NASA's Hubble Reveals Moon's Secrets (with additional background material)

"NASA hosts a news conference at 1 p.m. EDT, Wednesday, Oct. 19, to discuss new Hubble Space Telescope images of the moon's surface in ultraviolet light. The press conference is in NASA's auditorium, 300 E Street S.W., Washington."

Why Is Hubble Looking at Apollo Landing Sites?, 18 August 2005, NASA Watch

Griffin Seeks to Break Shuttle Blockade of Moon-Mars Exploration, Offical Mars Society Rant by Bob Zubrin

"Set the goal, and go for it: Moon by 2012, Mars by 2016."

Editor's note: Yea right, Bob. Just send money. Even with his well-crafted lunar exploration architecture, Mike Griffin will be lucky if he gets American back to the moon by 2018.

Space Frontier Foundation departs from the Space Exploration Alliance

"... Instead, the SEA has reverted to blind cheerleading for whatever design bureau government-centric approaches the agency has put forward, as tied to the old ways as they may be, as short- sighted as they may be, and as doomed to fail in the quest to open the frontier as they are. In the end, this blindness, if it does not kill the program in its infancy, will result in an inevitable repeat of the dead end of Apollo - except this time on two worlds instead of one - which would be a betrayal to future generations."

Editor's note: Of course, these folks and their "alt.space"companies also want government money and tax breaks - they just don't want Boeing and LockMart to get them too.

Hey, whatever happened to the Coalition for Space Exploration? NASA gave the coalition preferred status. Hundreds of thousands of dollars in aerospace contractor funds were collected (a lot of which went directly into Space Foundation coffers) and the end result was:

"the story of the Vision for Space Exploration. A New Age in Space: The Vision for Space Exploration coloring book is now available online."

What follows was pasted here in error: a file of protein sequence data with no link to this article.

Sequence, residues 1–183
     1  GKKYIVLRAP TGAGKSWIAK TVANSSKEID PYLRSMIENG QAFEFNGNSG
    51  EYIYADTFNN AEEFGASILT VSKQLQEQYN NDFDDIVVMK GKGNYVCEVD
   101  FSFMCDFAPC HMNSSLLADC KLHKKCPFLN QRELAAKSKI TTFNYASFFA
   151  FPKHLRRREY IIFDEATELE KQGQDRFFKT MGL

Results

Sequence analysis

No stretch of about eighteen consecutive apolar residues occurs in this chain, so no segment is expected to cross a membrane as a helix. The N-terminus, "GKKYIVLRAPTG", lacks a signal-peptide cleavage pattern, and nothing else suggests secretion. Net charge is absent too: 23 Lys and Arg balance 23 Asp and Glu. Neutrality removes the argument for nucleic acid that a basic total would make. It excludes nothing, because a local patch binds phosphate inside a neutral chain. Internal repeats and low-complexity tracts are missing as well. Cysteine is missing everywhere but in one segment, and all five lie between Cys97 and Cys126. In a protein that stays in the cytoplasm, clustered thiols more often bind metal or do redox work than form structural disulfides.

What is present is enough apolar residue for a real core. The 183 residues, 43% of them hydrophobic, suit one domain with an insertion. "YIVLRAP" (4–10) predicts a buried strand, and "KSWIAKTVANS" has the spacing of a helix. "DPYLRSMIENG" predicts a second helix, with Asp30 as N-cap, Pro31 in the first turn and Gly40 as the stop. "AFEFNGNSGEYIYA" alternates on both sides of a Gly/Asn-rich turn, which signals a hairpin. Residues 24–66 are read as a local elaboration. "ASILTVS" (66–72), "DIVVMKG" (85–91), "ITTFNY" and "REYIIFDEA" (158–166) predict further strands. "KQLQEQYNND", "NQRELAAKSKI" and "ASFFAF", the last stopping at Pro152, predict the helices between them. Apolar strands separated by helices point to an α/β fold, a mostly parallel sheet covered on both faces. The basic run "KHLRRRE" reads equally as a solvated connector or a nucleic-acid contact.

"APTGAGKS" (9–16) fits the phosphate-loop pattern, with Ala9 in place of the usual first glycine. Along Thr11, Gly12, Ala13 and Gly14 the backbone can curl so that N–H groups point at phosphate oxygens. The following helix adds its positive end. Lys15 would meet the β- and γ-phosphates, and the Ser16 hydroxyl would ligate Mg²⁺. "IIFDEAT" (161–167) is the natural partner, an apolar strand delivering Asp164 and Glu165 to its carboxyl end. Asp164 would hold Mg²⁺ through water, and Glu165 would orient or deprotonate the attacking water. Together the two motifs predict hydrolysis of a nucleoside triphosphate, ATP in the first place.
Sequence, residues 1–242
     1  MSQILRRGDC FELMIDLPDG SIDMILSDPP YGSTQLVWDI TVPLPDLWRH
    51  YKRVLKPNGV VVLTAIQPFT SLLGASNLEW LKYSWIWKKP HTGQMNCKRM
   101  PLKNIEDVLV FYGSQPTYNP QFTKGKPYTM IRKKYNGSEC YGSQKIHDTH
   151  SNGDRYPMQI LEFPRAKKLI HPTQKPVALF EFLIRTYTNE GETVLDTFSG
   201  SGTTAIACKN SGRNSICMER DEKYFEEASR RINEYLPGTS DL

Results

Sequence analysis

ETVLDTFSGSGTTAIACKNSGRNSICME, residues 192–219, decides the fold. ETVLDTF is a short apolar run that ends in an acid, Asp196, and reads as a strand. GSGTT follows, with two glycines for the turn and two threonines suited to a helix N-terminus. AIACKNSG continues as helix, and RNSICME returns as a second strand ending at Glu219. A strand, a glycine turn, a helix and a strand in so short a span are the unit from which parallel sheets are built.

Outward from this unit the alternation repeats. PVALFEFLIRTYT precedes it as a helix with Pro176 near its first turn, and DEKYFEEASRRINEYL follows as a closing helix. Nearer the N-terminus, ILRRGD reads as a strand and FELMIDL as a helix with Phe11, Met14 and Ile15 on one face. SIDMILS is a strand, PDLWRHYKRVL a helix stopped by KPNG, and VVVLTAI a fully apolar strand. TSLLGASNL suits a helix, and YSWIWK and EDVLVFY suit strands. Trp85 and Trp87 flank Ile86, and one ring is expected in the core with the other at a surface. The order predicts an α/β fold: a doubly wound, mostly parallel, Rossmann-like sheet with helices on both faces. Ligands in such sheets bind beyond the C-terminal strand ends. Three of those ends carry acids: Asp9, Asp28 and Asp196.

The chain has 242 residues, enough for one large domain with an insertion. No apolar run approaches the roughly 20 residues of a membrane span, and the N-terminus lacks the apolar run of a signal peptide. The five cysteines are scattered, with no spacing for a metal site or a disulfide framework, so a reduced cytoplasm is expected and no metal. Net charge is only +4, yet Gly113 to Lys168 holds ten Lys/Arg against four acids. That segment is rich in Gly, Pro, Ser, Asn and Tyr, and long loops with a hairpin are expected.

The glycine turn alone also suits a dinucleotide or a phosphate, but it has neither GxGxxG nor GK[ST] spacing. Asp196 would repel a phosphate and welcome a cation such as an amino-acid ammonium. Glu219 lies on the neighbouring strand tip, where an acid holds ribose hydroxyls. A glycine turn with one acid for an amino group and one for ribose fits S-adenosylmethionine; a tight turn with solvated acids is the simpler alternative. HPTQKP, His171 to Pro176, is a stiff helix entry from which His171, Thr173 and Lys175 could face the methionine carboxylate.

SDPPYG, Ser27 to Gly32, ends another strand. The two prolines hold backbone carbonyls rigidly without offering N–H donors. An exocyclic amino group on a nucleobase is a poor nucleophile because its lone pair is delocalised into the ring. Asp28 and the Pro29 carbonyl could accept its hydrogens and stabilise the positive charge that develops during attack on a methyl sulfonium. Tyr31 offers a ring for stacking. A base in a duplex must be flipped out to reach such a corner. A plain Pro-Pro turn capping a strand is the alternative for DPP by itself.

Royal Astronomical Society Commission Supports The Scientific Case for Human Space Flight

"In summarising their findings, the Commissioners state: "We find that profound scientific questions relating to the history of the solar system and the existence of life beyond Earth can best - perhaps only - be achieved by human exploration on the Moon or Mars, supported by appropriate automated systems."

CEV Concept Unveiled

Northrop Grumman-Boeing Team Unveils Plans for Crew Exploration Vehicle

"A Northrop Grumman Corporation -The Boeing Company team today unveiled its plans to design and build NASA's proposed Crew Exploration Vehicle (CEV), a modular space system intended to carry humans to the International Space Station by 2012 and back to the moon by 2018."

Northrop Grumman-Boeing CEV Team Names Deputy Program Manager

"The Northrop Grumman Corporation and The Boeing Company Crew Exploration Vehicle (CEV) team has named Leonard Nicholson, a former International Space Station executive for Boeing, as its new deputy program manager."

President Bush's great white whale (editorial), Washington Examiner

"Human space travel - however romantic - is astoundingly dangerous, expensive and inefficient, and each objective can be done more safely, cheaply and efficiently with robots. Space travel is a worthwhile endeavor, but it has to be done correctly and at the right time. There is no reason to believe that now is that time or that NASA has proven itself completely up to the task."

Editor's note: Gee, I wonder if Ebenezer Scrooge Bob Park is writing for the Examiner?

A Closer Look at NASA's New Exploration Architecture, SpaceRef

"A group of NASA officials briefed a panel at the National Academy of Sciences last week on Administrator Mike Griffin's revamped exploration plans. The panel being briefed was part of the Academy's Space Studies Board - one organized to review NASA's plans for the International Space Station. Some aspects of the presentations, such as the broad outlines of how NASA wants to go back to the moon, were straightforward. Other presentations - on the International Space Station and what it is now to be used for - the ones that were most relevant to the committee's purview - were far less cogent."

Ground This Mission, editorial, Washington Post

"Now, as the country faces another great expense in the aftermath of Hurricane Katrina, NASA has unveiled its proposal for making Mr. Bush's vision a reality. Both the moment for embarking on this endeavor and the justifications for it seem odder than ever."

NASA leader ready for liftoff, editorial, Palm Beach Post

"Can a nation with massive hurricane damage, surging budget deficits and a war to fight in Iraq really afford the high cost of manned space flights when robot missions might advance research about as much? Is a return to the moon something that will capture the imagination of Americans? We've been there six times, so who's excited about No. 7?"